So, what is the data for supposed "lost or less profits booked by ownership"? Was profit taking/sharing already gouging the lower employees?

Become your own boss, do tour own work, avoid employees, avoid taxes, avoid the bullshit.

Fend for yourself is FREEDOM!

"Gubbamint hate fending, wants dependency," says Tonto to Lone Ranger.

At 9:28 AM, Blogger Bob Wallace said...

"have to raise costs, which are passed on to the consumer"

That sounds like what might happen, doesn't it?

But sometimes reality can slap you across the face with dead mackerel.

A year after Seattle increased its minimum wage to $12.50 prices at most stores haven't gone up.

And I'll bet that those stores that are now paying their employees a more reasonable hourly rate are enjoying new customers.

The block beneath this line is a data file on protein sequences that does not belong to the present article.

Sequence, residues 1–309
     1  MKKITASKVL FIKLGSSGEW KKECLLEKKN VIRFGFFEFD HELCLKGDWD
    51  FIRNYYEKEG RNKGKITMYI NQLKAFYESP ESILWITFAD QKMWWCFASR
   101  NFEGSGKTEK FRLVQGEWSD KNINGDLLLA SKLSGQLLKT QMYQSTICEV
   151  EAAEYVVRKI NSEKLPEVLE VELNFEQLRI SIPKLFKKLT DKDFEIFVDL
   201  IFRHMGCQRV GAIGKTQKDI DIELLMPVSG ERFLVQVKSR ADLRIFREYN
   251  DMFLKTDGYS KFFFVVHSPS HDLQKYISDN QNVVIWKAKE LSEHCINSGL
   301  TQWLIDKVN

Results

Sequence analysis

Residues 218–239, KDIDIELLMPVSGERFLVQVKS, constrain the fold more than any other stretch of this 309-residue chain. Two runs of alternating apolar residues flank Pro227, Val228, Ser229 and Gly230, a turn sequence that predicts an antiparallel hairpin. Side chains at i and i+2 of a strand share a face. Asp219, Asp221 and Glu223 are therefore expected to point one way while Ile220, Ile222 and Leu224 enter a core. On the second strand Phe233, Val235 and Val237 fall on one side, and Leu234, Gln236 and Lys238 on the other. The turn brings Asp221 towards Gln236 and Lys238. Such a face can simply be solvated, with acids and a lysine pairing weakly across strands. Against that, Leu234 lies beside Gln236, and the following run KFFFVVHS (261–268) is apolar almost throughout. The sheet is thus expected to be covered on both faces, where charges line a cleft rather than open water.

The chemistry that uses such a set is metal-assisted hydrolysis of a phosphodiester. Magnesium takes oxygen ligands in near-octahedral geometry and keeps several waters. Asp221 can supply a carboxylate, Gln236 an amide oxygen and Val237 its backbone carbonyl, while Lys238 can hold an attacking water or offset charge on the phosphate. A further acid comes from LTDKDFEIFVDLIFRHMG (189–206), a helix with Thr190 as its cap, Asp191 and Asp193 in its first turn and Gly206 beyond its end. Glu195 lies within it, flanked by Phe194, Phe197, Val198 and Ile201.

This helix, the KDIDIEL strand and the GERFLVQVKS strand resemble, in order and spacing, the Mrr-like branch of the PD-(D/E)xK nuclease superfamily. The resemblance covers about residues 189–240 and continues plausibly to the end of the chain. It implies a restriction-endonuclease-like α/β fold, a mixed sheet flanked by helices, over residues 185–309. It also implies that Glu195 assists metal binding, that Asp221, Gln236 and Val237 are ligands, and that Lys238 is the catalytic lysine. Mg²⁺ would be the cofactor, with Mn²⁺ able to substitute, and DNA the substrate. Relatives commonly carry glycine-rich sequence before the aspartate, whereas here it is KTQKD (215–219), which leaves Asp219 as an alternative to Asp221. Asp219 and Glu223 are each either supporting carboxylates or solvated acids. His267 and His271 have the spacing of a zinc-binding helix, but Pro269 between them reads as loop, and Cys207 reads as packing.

All over the city there are thousands of people with a bit more money to spend and they're not going to jet to Paris for lunch. They're going to stop in for a cup of coffee or buy a piece of clothing that their kid needs.

At 9:33 AM, Blogger Bob Wallace said...

Here's an interesting page that deals with minimum wage increase myths.

Here are a couple of examples -

Myth: Increasing the minimum wage is bad for businesses.

Not true: Academic research has shown that higher wages sharply reduce employee turnover which can reduce employment and training costs.

Myth: Increasing the minimum wage is bad for the economy.

Not true: Since 1938, the federal minimum wage has been increased 22 times. For more than 75 years, real GDP per capita has steadily increased, even when the minimum wage has been raised.

Myth: Small business owners can't afford to pay their workers more, and therefore don't support an increase in the minimum wage.